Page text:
The stakes for the Bernie Sanders campaign going into Tuesday’s primary and caucus events were incredibly high: win big or go home.
While Sanders suffered a loss in the largest delegate share of the night in Arizona, his strong wins in Idaho and Utah may just been the forward momentum he needs to further inspire voters and turn the tide toward the underdog.
The victory for Sanders last night was not one focused entirely on delegates, but on proving to voters that Sanders still has support and a way forward in this primary race. After Bernie’s loss in the most recent Super Tuesday, many began to write the senator off and encourage him to begin pivoting his attacks against the GOP to set up a unified Democratic base for Clinton.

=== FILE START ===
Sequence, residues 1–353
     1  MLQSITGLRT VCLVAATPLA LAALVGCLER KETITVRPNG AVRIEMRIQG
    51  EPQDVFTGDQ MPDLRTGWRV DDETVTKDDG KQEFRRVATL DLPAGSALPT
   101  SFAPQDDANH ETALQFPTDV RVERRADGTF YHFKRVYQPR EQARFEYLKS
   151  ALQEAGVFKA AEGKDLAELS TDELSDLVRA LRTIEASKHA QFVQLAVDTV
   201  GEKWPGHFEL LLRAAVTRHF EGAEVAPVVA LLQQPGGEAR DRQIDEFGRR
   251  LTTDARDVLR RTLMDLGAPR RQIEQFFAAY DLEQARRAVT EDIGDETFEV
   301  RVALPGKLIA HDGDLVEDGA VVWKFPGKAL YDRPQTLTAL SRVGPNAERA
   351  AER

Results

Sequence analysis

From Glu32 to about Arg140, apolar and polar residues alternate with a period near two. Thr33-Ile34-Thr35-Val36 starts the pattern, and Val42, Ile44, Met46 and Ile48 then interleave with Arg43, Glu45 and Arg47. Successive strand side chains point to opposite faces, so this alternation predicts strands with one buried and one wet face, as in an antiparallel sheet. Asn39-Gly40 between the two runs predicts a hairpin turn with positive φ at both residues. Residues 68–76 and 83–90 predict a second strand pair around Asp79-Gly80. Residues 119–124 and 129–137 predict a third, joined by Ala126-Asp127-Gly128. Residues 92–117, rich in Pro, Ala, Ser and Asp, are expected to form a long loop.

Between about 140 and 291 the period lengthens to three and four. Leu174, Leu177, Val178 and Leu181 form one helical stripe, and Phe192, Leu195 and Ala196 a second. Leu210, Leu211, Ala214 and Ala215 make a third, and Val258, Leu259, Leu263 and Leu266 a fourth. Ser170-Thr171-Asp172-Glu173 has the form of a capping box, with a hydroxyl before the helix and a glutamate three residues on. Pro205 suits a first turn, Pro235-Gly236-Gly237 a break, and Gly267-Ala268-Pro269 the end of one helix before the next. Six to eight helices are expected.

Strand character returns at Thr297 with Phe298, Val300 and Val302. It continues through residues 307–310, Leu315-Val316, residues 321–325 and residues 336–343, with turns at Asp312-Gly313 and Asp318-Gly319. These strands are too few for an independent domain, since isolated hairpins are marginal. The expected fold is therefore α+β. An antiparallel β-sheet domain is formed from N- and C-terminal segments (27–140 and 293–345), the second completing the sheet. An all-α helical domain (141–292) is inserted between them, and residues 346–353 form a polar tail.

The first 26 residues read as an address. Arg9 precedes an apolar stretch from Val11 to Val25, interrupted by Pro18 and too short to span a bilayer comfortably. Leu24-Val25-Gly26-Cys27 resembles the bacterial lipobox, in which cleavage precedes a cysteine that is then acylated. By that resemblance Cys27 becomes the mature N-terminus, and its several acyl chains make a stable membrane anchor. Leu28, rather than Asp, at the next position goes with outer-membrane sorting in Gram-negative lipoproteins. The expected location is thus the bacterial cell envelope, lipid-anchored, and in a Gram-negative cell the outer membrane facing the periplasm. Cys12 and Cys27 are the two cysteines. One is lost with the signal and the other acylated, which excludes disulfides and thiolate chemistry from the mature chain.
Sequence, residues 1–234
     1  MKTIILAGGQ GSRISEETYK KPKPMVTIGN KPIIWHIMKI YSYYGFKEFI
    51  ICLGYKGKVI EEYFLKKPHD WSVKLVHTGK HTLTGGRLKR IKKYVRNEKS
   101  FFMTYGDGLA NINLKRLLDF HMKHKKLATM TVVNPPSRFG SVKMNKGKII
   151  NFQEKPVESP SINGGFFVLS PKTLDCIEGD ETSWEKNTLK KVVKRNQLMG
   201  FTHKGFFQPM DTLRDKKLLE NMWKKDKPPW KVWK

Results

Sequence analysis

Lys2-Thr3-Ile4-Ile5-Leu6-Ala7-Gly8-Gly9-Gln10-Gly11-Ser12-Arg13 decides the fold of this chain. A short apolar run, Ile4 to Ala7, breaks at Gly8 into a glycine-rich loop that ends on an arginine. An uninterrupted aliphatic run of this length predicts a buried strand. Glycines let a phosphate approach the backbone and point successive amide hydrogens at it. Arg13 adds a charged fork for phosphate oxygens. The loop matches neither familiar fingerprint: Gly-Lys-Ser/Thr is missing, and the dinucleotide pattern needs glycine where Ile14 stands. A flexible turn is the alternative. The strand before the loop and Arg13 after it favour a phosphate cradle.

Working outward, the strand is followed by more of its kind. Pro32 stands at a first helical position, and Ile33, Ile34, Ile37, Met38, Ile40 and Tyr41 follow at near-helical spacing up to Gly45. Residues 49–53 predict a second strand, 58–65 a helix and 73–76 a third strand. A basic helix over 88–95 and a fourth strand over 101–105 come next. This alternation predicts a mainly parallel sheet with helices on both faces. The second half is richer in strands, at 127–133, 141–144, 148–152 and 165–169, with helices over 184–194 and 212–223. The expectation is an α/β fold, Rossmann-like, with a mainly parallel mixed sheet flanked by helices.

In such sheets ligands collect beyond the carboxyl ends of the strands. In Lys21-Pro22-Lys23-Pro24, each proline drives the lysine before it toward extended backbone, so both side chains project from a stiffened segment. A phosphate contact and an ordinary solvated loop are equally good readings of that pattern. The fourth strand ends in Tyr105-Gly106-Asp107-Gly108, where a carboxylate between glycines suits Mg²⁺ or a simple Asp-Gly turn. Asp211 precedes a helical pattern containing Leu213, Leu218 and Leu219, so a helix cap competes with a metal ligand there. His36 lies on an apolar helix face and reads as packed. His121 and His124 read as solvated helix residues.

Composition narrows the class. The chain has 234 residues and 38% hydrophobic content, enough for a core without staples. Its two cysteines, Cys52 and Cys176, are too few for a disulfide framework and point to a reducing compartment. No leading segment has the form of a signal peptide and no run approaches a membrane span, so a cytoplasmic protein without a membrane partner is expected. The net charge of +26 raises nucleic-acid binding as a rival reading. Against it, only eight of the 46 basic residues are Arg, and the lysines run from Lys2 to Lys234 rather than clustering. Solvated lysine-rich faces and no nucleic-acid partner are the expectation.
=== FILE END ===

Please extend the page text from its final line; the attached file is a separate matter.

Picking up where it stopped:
Bernie said it was “absurd” for people to suggest he drop out now, and his strong showing on Tuesday night has proven that. Many have said that these later states favor Sanders while most of the Clinton-favoring states have already cast their ballots.
The delegate count, not including Superdelegates which are fluid and can change their vote at anytime, is now 901 for Sanders and 1,214 for Clinton. This is a gap of 313 delegates between the two.